Posts Tagged ‘old wine’

Can’t Wait for the 2015…Rhones!

November 15, 2017

Ha, ha, gotcha Bordeaux lovers!

Although people who follow/know me may say I ‘gotcha’d’ myself, given how often I have written about the perils of falling for the latest vintage promotion.

But here I am, doing it anyway…but I have learned, and wanted to pass that on.

First off, as someone who works in PR, I know the yearly vintage promotions – Best Ever, Vintage of the Decade, etc – are designed purely to sell wines, at higher prices if possible. But if you want to wade into the fray, there is a way to manage things.

First and foremost, make sure you like the kind of wine being promoted. Sounds basic, but I am amazed by how many people – myself included – have been sucked into buying Bordeaux, even though they don’t really know what it tastes like or, like me, don’t like the style. So make sure you know you like it before you buy those 90 pt bottles!

Also, if you are buying to cellar the wines, make sure you know what mature wine tastes like and, again, that you like it! Too many people don’t understand that “older” means less fruit, more wood, herbs, etc. Completely different!

Third, buy/try before you buy/cellar. That doesn’t have to be expensive – even Bordeaux has cheaper wines that are well rated. Buy a bottle, open it…better to find out before you spend a lot if you agree with the reviews.

That can also help you with find out what it tastes like when it matures. You don’t have to find an (expensive) ten-year version of the wine either. Open the bottle and try it…then leave it open for few hours, and try it again. Then put the cork back in. Leave it overnight, and try it the next day.  Air will mimic the maturation process, and give you a sense of how it will age/taste years from now.

Finally, if you know/like the style, have tasted cheaper versions/like them…how do you decide what to buy?

First, have a budget per bottle and stick to it; don’t get sucked into spending ridiculous amounts of money just because of ratings.

Second, find a wine reviewer who likes the same style as you, and buy based on that. How? Well find some cheaper wines they reviewed, buy them and try them. If you agree/like what they like, then you are set. Few people can afford to buy a bunch of $50 ++ bottles to try first…so you have to trust someone!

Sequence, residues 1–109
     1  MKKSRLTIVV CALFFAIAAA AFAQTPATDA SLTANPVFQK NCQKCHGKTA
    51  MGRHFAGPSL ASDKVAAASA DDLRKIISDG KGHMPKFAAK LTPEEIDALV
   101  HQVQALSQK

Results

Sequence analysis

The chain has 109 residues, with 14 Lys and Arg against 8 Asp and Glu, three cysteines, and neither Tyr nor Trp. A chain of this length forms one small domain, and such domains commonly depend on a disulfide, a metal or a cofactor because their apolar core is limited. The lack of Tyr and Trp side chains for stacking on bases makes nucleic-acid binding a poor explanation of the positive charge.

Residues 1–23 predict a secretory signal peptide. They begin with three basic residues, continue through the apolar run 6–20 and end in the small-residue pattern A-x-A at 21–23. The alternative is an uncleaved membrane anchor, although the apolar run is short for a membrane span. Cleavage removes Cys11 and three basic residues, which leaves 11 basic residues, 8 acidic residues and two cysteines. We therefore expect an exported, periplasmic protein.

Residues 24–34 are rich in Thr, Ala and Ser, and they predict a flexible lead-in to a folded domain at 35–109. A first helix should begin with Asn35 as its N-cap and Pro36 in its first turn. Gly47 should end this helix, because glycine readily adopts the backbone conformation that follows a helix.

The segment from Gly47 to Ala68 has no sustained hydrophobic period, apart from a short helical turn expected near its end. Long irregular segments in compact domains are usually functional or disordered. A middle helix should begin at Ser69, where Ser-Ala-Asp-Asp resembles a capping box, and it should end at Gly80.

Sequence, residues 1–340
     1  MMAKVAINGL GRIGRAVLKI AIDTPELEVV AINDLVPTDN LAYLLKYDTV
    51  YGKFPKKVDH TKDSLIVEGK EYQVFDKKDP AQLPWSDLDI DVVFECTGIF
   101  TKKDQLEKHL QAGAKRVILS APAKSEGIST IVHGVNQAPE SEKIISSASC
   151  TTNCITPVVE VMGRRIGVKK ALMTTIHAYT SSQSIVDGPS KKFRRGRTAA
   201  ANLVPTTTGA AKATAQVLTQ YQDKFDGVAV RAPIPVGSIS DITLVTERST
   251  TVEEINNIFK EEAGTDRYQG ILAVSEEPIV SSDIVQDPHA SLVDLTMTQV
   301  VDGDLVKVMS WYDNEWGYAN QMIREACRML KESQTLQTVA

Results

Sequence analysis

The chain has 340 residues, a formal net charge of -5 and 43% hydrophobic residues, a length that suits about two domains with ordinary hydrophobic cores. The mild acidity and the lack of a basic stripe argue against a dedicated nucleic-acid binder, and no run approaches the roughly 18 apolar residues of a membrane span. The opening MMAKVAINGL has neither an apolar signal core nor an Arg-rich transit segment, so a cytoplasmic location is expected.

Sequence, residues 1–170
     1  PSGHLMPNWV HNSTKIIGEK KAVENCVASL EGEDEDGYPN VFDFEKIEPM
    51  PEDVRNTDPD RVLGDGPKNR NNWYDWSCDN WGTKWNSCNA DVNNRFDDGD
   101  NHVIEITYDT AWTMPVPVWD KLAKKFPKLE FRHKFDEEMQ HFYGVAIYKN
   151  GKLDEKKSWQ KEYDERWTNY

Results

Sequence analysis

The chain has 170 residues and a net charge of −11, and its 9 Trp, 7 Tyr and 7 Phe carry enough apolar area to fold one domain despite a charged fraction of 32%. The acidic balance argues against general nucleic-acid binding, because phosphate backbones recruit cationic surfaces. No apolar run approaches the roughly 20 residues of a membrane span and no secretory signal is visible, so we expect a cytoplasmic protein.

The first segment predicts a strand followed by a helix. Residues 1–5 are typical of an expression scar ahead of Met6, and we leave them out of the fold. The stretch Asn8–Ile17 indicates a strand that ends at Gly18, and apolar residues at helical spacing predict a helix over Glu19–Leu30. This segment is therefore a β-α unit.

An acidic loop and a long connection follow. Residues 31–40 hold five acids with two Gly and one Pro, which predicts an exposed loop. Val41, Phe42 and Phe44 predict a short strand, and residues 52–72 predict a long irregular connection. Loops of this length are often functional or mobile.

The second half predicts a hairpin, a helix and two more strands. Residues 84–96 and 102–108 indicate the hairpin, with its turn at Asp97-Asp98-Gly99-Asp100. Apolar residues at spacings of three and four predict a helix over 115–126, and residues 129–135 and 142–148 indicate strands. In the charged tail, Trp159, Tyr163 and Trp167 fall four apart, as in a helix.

Finally, buy 2 bottles at least…that way you can track how it develops. Try one in a few years, see how it is, then decided when to drink the other(s).

So, there you go…how to get involved in the latest vintage frenzy if you want!

SB

www.sbwinesite.com

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HOW OLD IS TOO OLD…AND HOW DO YOU KNOW?

April 19, 2017

Age and wine…it is a big issue, both for wine dweebs like me and even the average wine drinker. For the former, it is all about trying to find the optimum time to drink a wine – not too young and tannic, not old and dried out, but just right! And for the latter – I want to drink it right away, is that okay?

I am generalizing, of course, and apologies to all – in both camps – who are offended! But the basic question is the same – how old should a wine be before I can enjoy it at its best?

I decided to write about this topic after my buddy Jim texted me to come over and taste a 2004 La Frenz Merlot the other day. At almost 13 years old, any Merlot from BC (and most from anywhere) should be dead…dried out, no fruit. But this one (I of course raced right over!) was stunning – still lots of fruit, interesting touch of vanilla and licorice and mint…simply stunning!

Back to the questions, then…but before I answer (and add some additional considerations), a few qualifications.

First, we are talking about red wines here, not whites. While a few white wines can age (sweet, Rieslings, some Burgundies), the vast majority don’t age well and should be consumed within a year or so of purchase.

Second, even with reds, over 90% are good to go on release. That way you get the freshness of the fruit, which is what wine is (or should be) all about.

So what about it, then? How old should it be…and what is too old?

The first question? That is a matter of taste, for the most part.

Young red wines have more fruit to them – some would say “obvious” fruit, but there is nothing the matter with that. They also can have a lot of tannin, which makes them mouth puckering and difficult to unpleasant to drink. So it depends on what style you like the best.

Interestingly, because more and more wine drinkers won’t wait to age a wine these days, even the most expensive wines can drink very well upon release.

But what about the other question – how do you know if it is too old?

This, of course, excludes wines that are oxidized and/or spoiled. Aromas and flavours of vinegar, tea, etc. mean the wine is bad, and should be avoided.

But aside from that, it turns out the answer to the question is almost the same as the first time – it depends on the style you like the best!

Most people like their older wines to still have some fruit in them. It may be more dried fruit – dried cherries, cassis, and plums in Bordeaux, Burgundy, Rhone wines, Barolo, Barbaresco, etc – but still recognizable as fruit, none-the-less.

However, there are folks that actually like their wine almost completely dried out – oak, cedar, other kinds of wood! The stereotype is “the English”, who apparently had a tradition of aging their Bordeaux and Burgundy so long that it literally had no fruit left in it. Not my style, but if that’s what you like…

So, as usual, it all depends on your taste.

But make sure you know what you like in advance! The last thing you want to do is wait for a wine to age…and find out that you don’t like that style.

SB

http://www.sbwinesite.com

WHEN – AND WHY – TO DECANT YOUR WINE

September 9, 2015